A grammar school teacher once asked my class, "Where does all of the water flowing down the Potomac River go?"  That question, like many inquiries that particular teacher put before us, stayed with me for some time.  Once when my Dad took me and another brother with him into Virginia on business.  As we headed home, there it was beneath us as we crossed Memorial Bridge.  The teacher's question came to mind.  Then I asked a few question about the river, somewhat like the automobile commercial that plays on TV these days.  "Dad, where does all this water go?"  He replied, "To the Chesapeake Bay?"  "But where does that water go?" I asked.  His reply:  "To the Atlantic Ocean."  Thinking I might have led him to a trap, I asked "But where does the water in the ocean go?"  He paused for a few moments and said, "You'd better ask your mother!"  Not satisfied, I asked "Does it fall off the earth somewhere?"  Laughing, he replied again, "You'd better ask you teacher!"

Running rivers are but one of those remarkable feats of the creative God.  Somewhere behind the rain-filled clouds in the Washington area this morning, I know there is a ball of fire that has already risen above the eastern horizon.  Surely you know the answers to these questions.  However, do you ever stop to consider what is the "constant" factor in all of these feats of nature?   What is there that makes that sun rise each day or those rivers to continue from the tiny rivulets usually somewhere at a higher elevation.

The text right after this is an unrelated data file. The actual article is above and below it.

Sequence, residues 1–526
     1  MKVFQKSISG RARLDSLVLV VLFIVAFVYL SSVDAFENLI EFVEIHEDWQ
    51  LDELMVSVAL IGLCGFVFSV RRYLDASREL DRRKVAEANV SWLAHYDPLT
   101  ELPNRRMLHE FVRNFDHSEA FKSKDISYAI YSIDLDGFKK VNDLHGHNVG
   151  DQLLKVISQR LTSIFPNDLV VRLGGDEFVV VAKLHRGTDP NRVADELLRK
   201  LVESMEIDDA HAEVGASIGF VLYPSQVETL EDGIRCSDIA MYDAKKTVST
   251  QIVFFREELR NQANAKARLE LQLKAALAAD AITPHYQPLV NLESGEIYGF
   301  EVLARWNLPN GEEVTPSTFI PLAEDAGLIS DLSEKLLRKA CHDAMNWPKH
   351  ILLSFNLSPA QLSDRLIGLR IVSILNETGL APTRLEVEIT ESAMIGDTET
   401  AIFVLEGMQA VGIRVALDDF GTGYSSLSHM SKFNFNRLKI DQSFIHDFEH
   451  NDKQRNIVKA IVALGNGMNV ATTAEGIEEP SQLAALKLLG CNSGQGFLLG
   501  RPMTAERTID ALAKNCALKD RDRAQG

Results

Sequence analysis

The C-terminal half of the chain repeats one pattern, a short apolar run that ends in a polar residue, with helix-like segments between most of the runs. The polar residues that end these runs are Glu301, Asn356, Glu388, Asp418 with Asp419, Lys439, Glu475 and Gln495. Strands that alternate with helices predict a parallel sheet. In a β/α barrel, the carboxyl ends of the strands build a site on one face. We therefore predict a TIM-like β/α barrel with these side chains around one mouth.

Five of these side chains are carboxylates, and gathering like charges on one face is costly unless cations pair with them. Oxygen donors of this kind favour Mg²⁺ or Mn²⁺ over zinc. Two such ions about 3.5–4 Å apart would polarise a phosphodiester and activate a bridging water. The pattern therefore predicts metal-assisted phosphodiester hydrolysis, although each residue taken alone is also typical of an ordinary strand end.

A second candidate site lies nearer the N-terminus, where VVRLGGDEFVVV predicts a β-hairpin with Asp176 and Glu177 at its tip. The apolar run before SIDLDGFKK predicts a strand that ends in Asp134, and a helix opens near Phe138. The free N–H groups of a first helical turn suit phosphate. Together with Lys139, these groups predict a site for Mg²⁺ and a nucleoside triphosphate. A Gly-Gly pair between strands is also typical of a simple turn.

Another question:  Is God the power He wants to be in the very center of my life, my universe?  What is there in these events of nature that draws us closer to our Creator God?  God is the "constant" in our lives if we but let Him enter.  Like the USMC (Marine Corp) motto, "Semper Fi,"  Always faithful, God is there for us if we want Him ... if we want Him!